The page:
661. Veterinary Vaccines in Routine Use and the Problem of Recombination
Session: Symposium: Vaccines Against Herpes Virus
Friday, October 4, 2013: 10:30 AM
Room: The Moscone Center: 130-131 (Hall E)
Joanne Devlin, PhD, MVPHMgt, Veterinary Science, University of Melbourne, Parkville 3010 VIC, Australia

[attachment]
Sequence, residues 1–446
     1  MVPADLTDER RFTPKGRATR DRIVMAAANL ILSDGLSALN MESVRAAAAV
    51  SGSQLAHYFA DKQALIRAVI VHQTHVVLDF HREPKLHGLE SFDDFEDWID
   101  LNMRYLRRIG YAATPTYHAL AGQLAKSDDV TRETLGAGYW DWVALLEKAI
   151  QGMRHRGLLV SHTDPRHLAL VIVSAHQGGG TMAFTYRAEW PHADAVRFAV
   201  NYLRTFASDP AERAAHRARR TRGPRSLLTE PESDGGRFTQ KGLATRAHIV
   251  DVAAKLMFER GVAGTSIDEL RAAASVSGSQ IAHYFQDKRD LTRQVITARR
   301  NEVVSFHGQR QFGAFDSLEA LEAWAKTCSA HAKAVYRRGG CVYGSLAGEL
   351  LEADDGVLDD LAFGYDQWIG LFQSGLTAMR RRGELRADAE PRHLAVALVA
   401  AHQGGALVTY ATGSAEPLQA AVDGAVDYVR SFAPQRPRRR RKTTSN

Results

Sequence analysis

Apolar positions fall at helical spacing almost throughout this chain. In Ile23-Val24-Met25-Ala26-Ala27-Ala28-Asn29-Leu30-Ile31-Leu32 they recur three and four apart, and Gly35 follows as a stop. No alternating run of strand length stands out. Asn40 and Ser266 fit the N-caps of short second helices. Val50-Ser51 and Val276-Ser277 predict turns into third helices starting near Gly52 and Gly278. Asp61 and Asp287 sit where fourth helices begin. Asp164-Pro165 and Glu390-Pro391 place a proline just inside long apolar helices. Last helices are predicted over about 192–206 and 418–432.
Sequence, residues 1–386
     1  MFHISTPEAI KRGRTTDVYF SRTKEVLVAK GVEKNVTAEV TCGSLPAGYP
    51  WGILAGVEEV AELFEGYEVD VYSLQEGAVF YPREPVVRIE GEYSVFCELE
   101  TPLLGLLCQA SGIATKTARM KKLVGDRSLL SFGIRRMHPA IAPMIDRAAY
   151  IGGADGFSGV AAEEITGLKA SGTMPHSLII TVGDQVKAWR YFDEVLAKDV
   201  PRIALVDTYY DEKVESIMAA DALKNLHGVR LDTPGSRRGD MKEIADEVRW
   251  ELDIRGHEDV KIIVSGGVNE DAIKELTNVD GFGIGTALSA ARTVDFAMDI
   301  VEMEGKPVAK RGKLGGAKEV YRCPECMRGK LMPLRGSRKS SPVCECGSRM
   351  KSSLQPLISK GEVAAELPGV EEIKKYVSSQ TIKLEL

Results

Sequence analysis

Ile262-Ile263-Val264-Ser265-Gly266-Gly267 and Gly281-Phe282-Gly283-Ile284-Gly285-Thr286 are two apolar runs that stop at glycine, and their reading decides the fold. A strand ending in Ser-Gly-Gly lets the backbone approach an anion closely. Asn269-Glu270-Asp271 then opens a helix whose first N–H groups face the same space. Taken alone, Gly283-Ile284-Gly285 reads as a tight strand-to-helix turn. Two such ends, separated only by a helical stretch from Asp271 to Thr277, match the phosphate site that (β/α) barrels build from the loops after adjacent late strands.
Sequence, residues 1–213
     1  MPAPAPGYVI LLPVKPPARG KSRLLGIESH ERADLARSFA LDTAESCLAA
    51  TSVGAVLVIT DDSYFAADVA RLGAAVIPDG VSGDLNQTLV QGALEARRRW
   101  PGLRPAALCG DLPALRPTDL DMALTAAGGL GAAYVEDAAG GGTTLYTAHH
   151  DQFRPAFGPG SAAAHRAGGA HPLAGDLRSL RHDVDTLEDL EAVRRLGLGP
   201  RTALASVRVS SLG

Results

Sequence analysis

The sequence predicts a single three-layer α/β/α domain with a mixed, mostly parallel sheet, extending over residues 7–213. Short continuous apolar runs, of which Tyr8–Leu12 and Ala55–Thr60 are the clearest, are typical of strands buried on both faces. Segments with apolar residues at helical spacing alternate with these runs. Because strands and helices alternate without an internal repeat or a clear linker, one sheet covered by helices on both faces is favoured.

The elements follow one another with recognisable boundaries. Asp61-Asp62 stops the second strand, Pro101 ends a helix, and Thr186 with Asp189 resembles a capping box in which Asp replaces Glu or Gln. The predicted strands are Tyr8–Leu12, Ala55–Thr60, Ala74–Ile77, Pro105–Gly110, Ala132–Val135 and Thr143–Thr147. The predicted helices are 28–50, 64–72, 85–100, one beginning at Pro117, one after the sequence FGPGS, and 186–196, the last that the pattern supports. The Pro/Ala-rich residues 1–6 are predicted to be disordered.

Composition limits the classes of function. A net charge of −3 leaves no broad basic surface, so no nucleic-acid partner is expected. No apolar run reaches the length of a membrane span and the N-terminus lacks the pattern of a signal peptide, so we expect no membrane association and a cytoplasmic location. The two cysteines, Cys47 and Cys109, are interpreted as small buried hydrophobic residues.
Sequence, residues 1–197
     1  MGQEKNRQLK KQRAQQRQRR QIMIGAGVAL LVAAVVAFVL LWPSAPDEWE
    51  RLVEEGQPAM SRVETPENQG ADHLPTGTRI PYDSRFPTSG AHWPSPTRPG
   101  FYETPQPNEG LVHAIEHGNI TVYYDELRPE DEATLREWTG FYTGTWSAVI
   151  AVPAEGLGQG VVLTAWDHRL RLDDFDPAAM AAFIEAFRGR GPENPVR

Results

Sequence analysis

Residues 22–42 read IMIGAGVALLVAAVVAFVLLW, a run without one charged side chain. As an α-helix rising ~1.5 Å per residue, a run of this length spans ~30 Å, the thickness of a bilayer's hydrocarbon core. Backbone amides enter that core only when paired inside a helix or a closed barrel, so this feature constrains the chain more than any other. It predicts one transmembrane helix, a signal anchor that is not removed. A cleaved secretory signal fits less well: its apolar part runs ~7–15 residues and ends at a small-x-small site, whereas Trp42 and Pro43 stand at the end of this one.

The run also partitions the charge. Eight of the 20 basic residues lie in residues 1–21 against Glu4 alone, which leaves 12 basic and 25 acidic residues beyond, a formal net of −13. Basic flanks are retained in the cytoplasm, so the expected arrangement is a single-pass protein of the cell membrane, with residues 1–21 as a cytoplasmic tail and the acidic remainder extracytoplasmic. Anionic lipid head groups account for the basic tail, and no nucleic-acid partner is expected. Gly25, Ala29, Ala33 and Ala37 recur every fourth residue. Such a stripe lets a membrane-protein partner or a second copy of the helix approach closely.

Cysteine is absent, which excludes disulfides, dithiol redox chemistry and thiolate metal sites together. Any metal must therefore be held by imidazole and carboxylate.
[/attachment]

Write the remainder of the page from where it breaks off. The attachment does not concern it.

Dr Joanne Devlin is a Senior Lecturer in Veterinary Public Health Epidemiology, and an ARC Postdoctoral Research Fellow, at the University of Melbourne. Her background is in Veterinary Science (BVSc awarded in 2001, The University of Sydney) and after working as a veterinarian in private veterinary practice she then undertook a PhD at The School of Veterinary Science, The University of Melbourne (PhD awarded in 2006). During her PhD studies she developed a novel vaccine to control infectious laryngotracheitis virus in poultry and she now leads the studies, in collaboration with an industry partner, to register this vaccine for commercial use. Her research interests are focused on the pathogenesis and epidemiology of veterinary infectious diseases with the aim of improving disease control and enhancing animal welfare. Her research projects investigate a range of infectious agents that cause significant disease in companion animals, livestock and wildlife species. The overarching aim of her research is to develop tools and strategies to control infectious diseases in animal populations. In 2012 she led the research team that uncovered natural spontaneous recombination between commercial modified live poultry vaccines, with subsequent restoration of virulence. This finding has far-reaching implications for the future safe use of live vaccines.

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